Nailing the sound effect together was enough to cause us both to dissolve into laughter. After all, we were both pretty high.
A few weeks later, I was packing up to head off to college, and Jacen came over to say goodbye. As we spoke, he handed me a gift. It was a book, The Languages of Tolkein’s Middle-Earth: A Complete Guide. If you’re a Tolkein nerd, there’s no better resource. You can learn every Elvish dialect from that thing, from Sindarin to Noldorin.
It’s a rare and wonderful thing having a friend who appreciates just how big of a nerd you truly are.
5. Guest Piece, Will: Rewind to Middle-Earth
Twenty years. Reminding myself of the exact dates of these things it’s impossible not to reflect on the fact that Fellowship was released just a couple weeks after my twentieth birthday, making it a current halfway marker of my entire lived experience. Given I’ve just doubled that tender age I’ll stop short of indulging a full-on midlife crisis, but suffice it to say the memories of experiences, friends, and films of that time are feeling increasingly, well… precious.
I’m an old school movie nerd. At the time, I was a video store clerk. In a retrospectively quaint era technologically (although not quite as archaically charming as a shire in Middle Earth), esoteric movie knowledge wasn’t available on a pocket supercomputer. You could browse through the endless video shelves – Cult, Asian Action, Noir, etc. and eventually seek advice from my counter jockey colleagues and me, who would wield our encyclopedic knowledge and expert opinions with all the superiority appropriate for a minimum wage kid saving up laundromat quarters.
Among our cohort of videogeek intelligentsia, the Peter Jackson LOTR trilogy had been celebrated since the early stages of pre-production. The latest movie news was constantly discussed during our shifts, after late nights on dial-up modems gathering the latest speculative updates from IMDB or whatever fan message board we could find. The indie/cult auteur of such masterpieces as Dead Alive and Meet the Feebles was given a massive budget and creative control to bring his passion project to the world. Along with the forthcoming Sam Raimi Spider-Man, it was emblematic of vicarious victory. A big budget, studio sanctioned verification of a filmmaker who did it all right.
And the movie? Yeah, it’s great! Not sure I have much insight into the actual film that isn’t better expressed elsewhere. Hobbits have never been super “for me.” I listened appreciatively as my friends excitedly recounted easter eggs and specific references to the novels after multiple viewings, but I never got that deep. More paramount in my memory is what a mammoth benchmark this was for many who share my capacity for love and obsessiveness of art and culture. That is to me, a fellowship to be cherished for a lifetime.
6. Hold Me
I’m with Jacen again, among others. We’re at opening night for The Two Towers. It’s winter break at college, and there’s a big group of us all together, reunited after our first full term, but Jacen and I are the true superfans. We’ve been regaling everyone with backstory and lore all night. We’re pretty certain everyone really appreciates how much we’re helping them understand how much certain scenes relate back to The Silmarillion.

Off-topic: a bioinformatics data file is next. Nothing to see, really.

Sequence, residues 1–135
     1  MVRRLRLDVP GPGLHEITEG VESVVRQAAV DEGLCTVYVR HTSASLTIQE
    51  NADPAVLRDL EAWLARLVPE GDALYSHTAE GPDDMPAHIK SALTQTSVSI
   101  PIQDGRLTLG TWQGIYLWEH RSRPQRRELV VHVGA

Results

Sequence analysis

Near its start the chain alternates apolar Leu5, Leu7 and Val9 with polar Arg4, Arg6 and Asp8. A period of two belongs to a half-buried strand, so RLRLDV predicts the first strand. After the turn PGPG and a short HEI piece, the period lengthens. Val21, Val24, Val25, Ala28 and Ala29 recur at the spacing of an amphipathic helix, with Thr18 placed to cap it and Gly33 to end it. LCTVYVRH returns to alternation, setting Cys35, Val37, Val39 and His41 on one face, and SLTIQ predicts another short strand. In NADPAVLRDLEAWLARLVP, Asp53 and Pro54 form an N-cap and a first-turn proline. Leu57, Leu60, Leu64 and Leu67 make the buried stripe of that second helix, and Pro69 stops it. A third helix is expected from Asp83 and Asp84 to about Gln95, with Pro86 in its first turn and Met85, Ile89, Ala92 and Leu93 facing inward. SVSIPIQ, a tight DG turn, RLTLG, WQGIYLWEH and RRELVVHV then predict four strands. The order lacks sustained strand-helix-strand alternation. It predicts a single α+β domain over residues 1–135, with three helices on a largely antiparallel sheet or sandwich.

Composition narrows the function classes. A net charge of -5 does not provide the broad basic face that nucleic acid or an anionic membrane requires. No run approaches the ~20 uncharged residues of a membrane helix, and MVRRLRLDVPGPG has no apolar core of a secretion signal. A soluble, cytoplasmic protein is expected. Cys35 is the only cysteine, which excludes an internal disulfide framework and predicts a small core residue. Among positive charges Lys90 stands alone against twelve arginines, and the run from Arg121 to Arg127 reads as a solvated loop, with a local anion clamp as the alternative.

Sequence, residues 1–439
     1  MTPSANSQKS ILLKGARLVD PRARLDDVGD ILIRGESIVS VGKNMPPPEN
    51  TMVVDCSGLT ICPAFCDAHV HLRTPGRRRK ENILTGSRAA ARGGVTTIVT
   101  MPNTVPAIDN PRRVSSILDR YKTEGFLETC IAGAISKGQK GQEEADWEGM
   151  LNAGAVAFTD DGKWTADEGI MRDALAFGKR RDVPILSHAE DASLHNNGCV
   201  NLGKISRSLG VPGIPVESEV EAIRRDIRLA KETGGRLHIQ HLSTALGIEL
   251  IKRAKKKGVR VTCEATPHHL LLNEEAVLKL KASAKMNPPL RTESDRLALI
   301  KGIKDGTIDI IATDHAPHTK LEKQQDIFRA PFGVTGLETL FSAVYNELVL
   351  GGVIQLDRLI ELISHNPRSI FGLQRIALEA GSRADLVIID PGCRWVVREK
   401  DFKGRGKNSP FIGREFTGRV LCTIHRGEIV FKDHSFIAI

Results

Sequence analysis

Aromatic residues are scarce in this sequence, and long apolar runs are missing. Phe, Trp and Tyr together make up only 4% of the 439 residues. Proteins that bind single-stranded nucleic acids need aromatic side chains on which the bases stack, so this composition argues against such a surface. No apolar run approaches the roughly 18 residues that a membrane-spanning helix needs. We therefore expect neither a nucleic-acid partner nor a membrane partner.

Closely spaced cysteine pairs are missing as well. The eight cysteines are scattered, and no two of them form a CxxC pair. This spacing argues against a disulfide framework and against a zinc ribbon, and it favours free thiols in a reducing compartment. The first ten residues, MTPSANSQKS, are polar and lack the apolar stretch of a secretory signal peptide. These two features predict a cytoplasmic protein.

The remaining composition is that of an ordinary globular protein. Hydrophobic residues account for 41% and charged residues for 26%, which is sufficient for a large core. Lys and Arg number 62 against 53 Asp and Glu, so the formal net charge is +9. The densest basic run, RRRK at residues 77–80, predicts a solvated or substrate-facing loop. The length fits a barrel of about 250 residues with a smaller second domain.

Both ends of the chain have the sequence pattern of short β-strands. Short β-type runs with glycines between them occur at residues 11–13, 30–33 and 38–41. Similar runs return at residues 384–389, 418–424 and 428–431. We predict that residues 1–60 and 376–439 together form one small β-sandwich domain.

The lights go down, and I reflect on how happy I am, surrounded by friends and on the cusp of seeing a huge blockbuster film I know I’m going to enjoy the hell out of. In a fit of contentment, I reach to my left and clasp Jacen’s hand. He doesn’t pull back—in fact, he grips it tight in a “Hell yeah, bro” moment of total solidarity.
A few moments later, every one of us that came to the movie together is holding hands.
About a minute in, Jacen shakes my hand off. “Cool moment, but I think that’s enough,” he whispers.
I nod. Fair enough.
I turn toward the screen and have the time of my life.
7. Show Us
“I’ve got Two Towers.”
I couldn’t understand what this guy was saying, because Two Towers was still in theaters. How could he have it? What was he talking about?
Maybe I should back up.
I was in my freshman dorm at college, and just back from winter break. The Two Towers had just come out, and all anyone— especially me—could talk about was how awesome it was. A group of us were sitting on the beds in my room when the nerdy kid who lived next door poked his head in and made the above comment.
“What do you mean, ‘you’ve got it’?”
Nerdy kid—I would come to learn later that his name was Jeff—answered, “I have a rip of it on my computer. My sound set up is pretty good, too. If you don’t mind a watermark popping up every few minutes, I’ve got the whole movie to watch whenever you want.”
I was incredulous. At the same time, it seemed like a pretty sweet deal. This was, after all, more than a decade before streaming services. Being able to just watch a movie on a computer, particularly one that was still out in theaters, particularly Two freakin’ Towers, was a hell of an opportunity.
My mind was made up when I looked over at the cute girl from down the floor, who also really liked Lord of the Rings. She looked interested.